Women Scientists Receive Less Funding Than Their Male Peers, Study Finds

According to a new study published by the Journal of the American Medical Association, male scientists receive twice as much financial support to kickstart their careers in science and medicine as their female counterparts, an early career inequity that could limit professional opportunities for women scientists throughout their working lives.

via Brian Turner /
via Intel Free Press /

Conducted by Health Resources in Action (HRiA), analysts studied 219 biomedical researchers who had applied for early-career grant funding at 55 New England hospitals, universities and research facilities between 2012 and 2014. The findings revealed male scientists received a median of $889,000 to jumpstart their careers as faculty researchers, while their female peers received just $350,000. The gap between applicants holding Ph.D.s was even wider. Men received $936,000 to launch their careers compared to the $348,000 granted to women.

As noted by Nancy Hopkins, professor emeritus of biology at the Massachusetts Institute of Technology, such a disparity in startup funds can limit women scientists’ ability to build labs, conduct analyses, publish findings, and procure grants for future research.

“These are the things that make your career hard or easy,” said Hopkins. “[Women] are going to have to work harder to make up for that.”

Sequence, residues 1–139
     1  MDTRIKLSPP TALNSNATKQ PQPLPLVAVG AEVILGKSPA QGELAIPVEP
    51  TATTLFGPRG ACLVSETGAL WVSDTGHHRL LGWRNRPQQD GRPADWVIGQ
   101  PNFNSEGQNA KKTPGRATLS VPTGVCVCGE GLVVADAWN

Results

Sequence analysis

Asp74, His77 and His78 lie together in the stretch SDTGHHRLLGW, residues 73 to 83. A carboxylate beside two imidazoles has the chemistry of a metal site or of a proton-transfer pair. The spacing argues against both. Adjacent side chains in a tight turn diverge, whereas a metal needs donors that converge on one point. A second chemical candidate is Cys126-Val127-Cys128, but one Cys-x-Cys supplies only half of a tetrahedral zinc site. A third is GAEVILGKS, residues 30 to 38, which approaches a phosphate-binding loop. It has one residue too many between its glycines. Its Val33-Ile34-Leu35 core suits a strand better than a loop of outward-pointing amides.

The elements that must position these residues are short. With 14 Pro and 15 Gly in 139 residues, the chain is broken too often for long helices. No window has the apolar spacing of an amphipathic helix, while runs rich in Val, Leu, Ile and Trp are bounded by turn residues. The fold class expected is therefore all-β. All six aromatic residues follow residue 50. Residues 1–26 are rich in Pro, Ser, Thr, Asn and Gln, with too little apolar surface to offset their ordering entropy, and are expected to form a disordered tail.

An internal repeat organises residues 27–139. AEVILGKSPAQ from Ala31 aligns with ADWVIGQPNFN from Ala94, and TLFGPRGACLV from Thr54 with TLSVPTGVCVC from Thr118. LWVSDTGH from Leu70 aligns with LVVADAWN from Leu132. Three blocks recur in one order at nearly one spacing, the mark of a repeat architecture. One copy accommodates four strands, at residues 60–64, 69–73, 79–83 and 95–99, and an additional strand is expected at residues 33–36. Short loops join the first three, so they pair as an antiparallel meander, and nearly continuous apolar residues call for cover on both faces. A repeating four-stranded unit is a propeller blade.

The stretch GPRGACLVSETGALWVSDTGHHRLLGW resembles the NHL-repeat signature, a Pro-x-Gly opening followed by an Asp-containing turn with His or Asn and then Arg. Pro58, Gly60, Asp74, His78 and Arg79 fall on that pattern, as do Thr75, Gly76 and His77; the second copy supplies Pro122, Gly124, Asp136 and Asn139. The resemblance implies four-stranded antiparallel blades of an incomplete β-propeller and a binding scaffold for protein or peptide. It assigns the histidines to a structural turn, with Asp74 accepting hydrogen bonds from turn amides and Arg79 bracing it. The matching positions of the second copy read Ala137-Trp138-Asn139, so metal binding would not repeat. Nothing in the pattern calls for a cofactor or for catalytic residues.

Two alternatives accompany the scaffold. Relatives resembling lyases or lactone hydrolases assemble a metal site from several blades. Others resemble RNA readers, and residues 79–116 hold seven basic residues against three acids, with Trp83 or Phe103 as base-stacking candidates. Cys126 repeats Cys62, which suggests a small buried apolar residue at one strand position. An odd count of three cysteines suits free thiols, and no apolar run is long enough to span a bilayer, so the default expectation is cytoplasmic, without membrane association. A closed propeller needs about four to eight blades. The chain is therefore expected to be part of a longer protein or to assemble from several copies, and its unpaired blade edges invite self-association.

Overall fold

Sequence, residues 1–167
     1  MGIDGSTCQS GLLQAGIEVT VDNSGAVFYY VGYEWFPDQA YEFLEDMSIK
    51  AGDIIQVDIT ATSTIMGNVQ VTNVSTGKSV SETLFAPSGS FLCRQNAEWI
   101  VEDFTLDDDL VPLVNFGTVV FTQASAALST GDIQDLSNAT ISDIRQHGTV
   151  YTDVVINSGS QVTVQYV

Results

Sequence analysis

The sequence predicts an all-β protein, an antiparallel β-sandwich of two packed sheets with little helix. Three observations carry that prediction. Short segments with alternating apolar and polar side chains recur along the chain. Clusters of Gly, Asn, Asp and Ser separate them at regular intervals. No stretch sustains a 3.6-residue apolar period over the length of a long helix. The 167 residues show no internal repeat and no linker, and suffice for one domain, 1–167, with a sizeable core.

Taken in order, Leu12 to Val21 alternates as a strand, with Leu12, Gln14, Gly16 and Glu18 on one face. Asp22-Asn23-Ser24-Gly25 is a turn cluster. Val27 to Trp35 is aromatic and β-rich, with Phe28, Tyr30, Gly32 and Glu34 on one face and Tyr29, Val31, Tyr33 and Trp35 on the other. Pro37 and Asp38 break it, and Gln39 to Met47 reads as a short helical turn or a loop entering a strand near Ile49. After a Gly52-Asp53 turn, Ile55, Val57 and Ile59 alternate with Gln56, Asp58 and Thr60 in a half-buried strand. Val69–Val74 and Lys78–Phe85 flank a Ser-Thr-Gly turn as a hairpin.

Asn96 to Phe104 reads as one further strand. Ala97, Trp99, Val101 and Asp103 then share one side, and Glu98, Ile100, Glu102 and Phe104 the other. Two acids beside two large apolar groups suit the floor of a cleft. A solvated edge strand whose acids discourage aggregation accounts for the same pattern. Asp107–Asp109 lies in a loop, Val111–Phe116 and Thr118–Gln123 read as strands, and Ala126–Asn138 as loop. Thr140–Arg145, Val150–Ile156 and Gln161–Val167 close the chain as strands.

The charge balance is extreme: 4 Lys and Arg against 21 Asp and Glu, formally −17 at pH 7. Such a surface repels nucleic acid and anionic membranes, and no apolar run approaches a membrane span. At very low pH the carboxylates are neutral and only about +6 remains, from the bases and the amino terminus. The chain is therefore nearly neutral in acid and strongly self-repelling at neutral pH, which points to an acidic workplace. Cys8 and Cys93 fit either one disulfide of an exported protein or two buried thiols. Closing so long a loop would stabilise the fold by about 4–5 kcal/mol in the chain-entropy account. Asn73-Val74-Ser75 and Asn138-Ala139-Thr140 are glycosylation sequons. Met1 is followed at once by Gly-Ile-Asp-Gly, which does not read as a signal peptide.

Despite significant contributions in STEM fields, women’s representation at the top levels of biomedical research still lags. Today, women comprise only 30 percent of funded researchers nationwide. But HRiA Vice President and author of the study, Dr. Robert Sege, Ph.D. says more examination is necessary to determine whether the gender differences are experienced by all early-career scientists.

“We were startled to see a consistent gap in the amount of support provided to men and women with the same credentials – even from within the same institutions,” said Sege. “This first look suggests the need for systematic study of gender differences in institutional support and the relationship between career trajectories.”

Media Resources: The Boston Globe 9/15/15; Health Resources in Action 9/15/15


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